Saturday, November 23, 2013

Last Day of Exploration

 Before we started out again we wanted to explore the village of Haworth a bit especially the church and parsonage, now the Bronte Museum where the Bronte sisters and family lived.  Finding out that the museum wasn't open until 11:00 Siri took off to walk as far as she could across the moors to Top Withens, the accepted site of Wuthering Heights.  As it was a 4 miles hike from the village she ended up turning around before she got all the way there.  I spent the time perusing the gift shop and book store and buying two books by Anne Bronte, a Bronte sister I was unfamiliar with, Agnes Grey and The Tenant of Wildfell Hall.  Both of which I have really enjoyed reading.  I plan on going through all the other Bronte books this winter as it has been way too long since I read most of them.

After we left Haworth Siri navigated us to Malham Cove another one of those wonderful limestone gorges in the area.  Up on top of the gorge was this wonderful eroded limestone pavement.   She particularly wanted to see this because part of the 1992 movie of Wuthering Heights was filmed here.  I took one look at the area and realized that a scene in the next to the last Harry Potter movie had also been filmed there and I remembered that when I was watching that movie I wondered where  in the world that scene had been filmed.

In between the limestone rocks are the most lovely little plants, ferns and wildflowers taking advantage of the shelter the stones give them.  An amazing landscape.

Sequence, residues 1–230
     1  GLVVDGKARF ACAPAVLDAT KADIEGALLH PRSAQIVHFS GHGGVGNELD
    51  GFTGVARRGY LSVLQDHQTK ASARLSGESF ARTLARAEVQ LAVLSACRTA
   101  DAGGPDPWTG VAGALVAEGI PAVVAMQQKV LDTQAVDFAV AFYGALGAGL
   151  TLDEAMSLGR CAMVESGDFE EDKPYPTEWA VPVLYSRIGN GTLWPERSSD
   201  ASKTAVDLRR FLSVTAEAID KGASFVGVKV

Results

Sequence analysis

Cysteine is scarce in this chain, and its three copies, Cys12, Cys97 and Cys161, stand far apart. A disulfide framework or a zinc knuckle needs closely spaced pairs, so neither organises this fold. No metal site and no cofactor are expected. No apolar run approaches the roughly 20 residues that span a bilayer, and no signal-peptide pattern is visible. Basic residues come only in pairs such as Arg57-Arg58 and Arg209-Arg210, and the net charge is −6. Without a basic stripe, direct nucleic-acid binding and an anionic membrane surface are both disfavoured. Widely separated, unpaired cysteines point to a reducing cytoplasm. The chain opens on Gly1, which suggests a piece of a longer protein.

Then we headed north again to what is probably my favorite part of England (do I have to choose a favorite??) the Yorkshire Dales.  This is James Herriot country where the fictional (and the actual vet who wrote the books) drove over these incredible winding steep roads to visit the isolated farmhouses in the deep dales and top of the high moors.  This country is so beautiful.  I've been here twice before the first time on my very first trip and I keep coming back.

My incentive for dragging us all the way back here to North Yorkshire was a bit part to meet Pat, a woman who I had only known through her blog, The Weaver of Grass.  She writes about the life of her and her husband who she calls the Farmer on their farm near Leyburn.  The idea of meeting these people in person was such a wonderful idea.  When I emailed Pat telling her that we were coming over and suggesting we get together for lunch or something she invited us to come to the farm and spend the night.  We were delighted.  And it was such a lovely time.  We went for a walk with the Farmer around the farm in the late afternoon and Pat cooked us a delicious dinner with lots of local food and enjoyed telling us where it came from and whose farm it was raised on.  We spent the evening talking as if we had known each other for ages.  And well, we had, through our blogs.  I love the internet and the way it has opened up the world.  I am so so much richer for it.
Thank you, Pat, and the Farmer, for your hospitality and friendship and the great dinner and breakfast and all the sandwiches you made us for the train trip back to London.  It was the perfect ending for such a perfect trip.

And then the next morning we drove our heroic car that had survived all those narrow twisty roads, steep grades, all our stuff and muddy feet and Joel's driving on the "other" side of the road to York where we left it and took the train to London.  We found our hotel not far from Kings Cross station where we came in and where we would get our train out to Gatwick the next day.  None of us really wanted to go out and see any of London so we holed up in the hotel, ate the rest of Pat's sandwiches for dinner and watched an episode of Autumnwatch on the BBC.  And then we went home.  And started dreaming about going back.  I love England.

1 comment:

  1. Margaret, it was a pleasure to meet you all and to have you all there overnight for such a lovely chat. Yes, I agree with you - the power of the internet, when it is used for good, is wonderful. I treasure our meeting together and shall think about it a lot over the winter. Have a good winter out there.